The Korea Herald


Brooklyn the Burger Joint launches all-American diner

New outlet serving shakes and burgers 24-7 near Seoul’s Garosugil

By 원호정

Published : July 24, 2015 - 18:33

    • Link copied

Sporting a retro neon sign, mint green banquettes and Formica tables, the latest iteration of Brooklyn the Burger Joint’s hit restaurant chain reads like a 1950s American diner.

The resemblance, Brookyn the Burger Joint owner-chef Park Hyun revealed, is intentional, as are the diner-like opening hours -- 24 hours, seven days-a-week. 

“I wanted to do it somewhere big and I wanted to do a 24-hour spot,” Park, 35, explained how he came to launch Brooklyn the Burger Joint’s fourth outlet this June near Seoul’s crowded Garosugil. 

Offerings at Brooklyn the Burger Joint (Park Hyun-koo/The Korea Herald) Offerings at Brooklyn the Burger Joint (Park Hyun-koo/The Korea Herald)

Park’s latest and most ambitious project to date is meant to be a haven for everyone, including customers who need a comfortable spot to grab some satisfying grub at any hour, be it past midnight or early in the morning. 

“My coworkers, my friends and I, we all eat dinner late,” Park said. 

The inspiration came from personal experience. 

Frustrated by what he felt was a lack of diverse late night dining options, he decided to create his ideal spot himself. 

Outfitted with an ice cream shop-in-shop called FRZ Ice Cream, the newest Brooklyn Burger covers all its bases, from a 12,500-won breakfast platter to new burger and side additions and an extensive drinks menu that includes 43 different milkshakes. 

Hungry diners can dig into everything from hot wings, fried-to-order corn dogs and massive fish burgers.

While fish burgers -- which feature huge hand-shaped, square fish patties dressed with tartar sauce and gooey cheese -- can also be found at other Brooklyn the Burger Joint outlets, both the quadruple decker, aptly named Fantastic 4, and the lamb burger are currently exclusive to the new Garosugil outlet. 

Brooklyn’s Fantastic 4 is an effective exercise in strategic restraint. Sans onions, tomatoes or lettuce, four 60 gram beef patties swaddle two layers of American cheese for a burger that closely resembles a layer cake of pure rich, juicy meat. 

“We serve it with a whole dill pickle,” said Park, revealing that inspiration came from the usual pairing of pickles with meat-centric Reuben sandwiches. 

The lamb burger marries a well-seasoned succulent patty with a sweet layer of onions. Lettuce, which is placed underneath the patty, is used to prevent the bun from getting soggy.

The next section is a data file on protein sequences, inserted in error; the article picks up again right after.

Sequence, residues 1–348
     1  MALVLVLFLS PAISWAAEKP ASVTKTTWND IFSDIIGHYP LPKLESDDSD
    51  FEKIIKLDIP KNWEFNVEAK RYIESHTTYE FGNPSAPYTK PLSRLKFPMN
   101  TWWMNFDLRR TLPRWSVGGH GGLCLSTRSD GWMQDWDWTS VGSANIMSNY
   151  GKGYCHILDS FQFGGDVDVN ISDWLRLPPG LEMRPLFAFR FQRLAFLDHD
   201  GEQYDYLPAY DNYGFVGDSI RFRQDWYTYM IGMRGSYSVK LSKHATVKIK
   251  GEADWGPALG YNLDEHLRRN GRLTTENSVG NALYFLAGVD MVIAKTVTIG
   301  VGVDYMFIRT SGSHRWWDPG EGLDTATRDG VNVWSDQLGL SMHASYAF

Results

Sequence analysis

“The lamb is juicy, so we put the lettuce on the bottom,” said Brooklyn general director Cho Whi-sung, 33. 

Then there are Brooklyn’s brand new sides, from crisp shelled corn dogs, uber-thick onion rings to fries slathered in cheese, sour cream and bacon bits, a nod, Park says, to the standard fixings used to top baked potatoes. 

Jalapeno poppers -- battered-fried chilies stuffed with cream cheese, cheddar and jalapenos -- are another addictive addition, gooey, crisp and crunchy, all at once. 

No detail is spared, even down to the drinks. 

Brooklyn’s Pepsi Lemons are served up in vintage glasses, with fresh lemon slices carefully layered all around the inside of the glass. Milkshakes in flavors like gingerbread and eggnog arrive with generous swirls of whipped cream and Maraschino cherries, and drip coffee is served up in thick, sturdy mugs. 

All things ice cream-related are also available, from sundaes to floats to soft serve, an attraction in itself, because according to general director Cho, “Some people just come for the shakes and ice cream.”

Given the massive milkshake menu, which includes alcoholic variations and a Birthday Cake flavor that Brooklyn crewmember Lee Seung-eun revealed is crafted from housemade vanilla ice cream and rainbow sprinkles, it is not surprising to hear that customers are making the trip out to the new spot for dessert. 

Given its strengths on all fronts, be it burgers, sides or sweets, the future looks promising for Brooklyn the Burger Joint’s latest operation.

Brooklyn the Burger Joint Garosugil Store
540-11, Sinsa-dong, Gangnam-gu, Seoul
(02) 545-0718
Open 24 hours, seven days a week

Early bird breakfast plate costs 12,500 won, burgers cost 7,800 won to 12,800 won, fries and other sides cost 4,500 won to 14,000 won, milkshakes cost 5,500 won to 9,500 won, soft serve costs 4,000 won, frozen custard and sorbet costs 4,000 won to 4,900 won

By Jean Oh (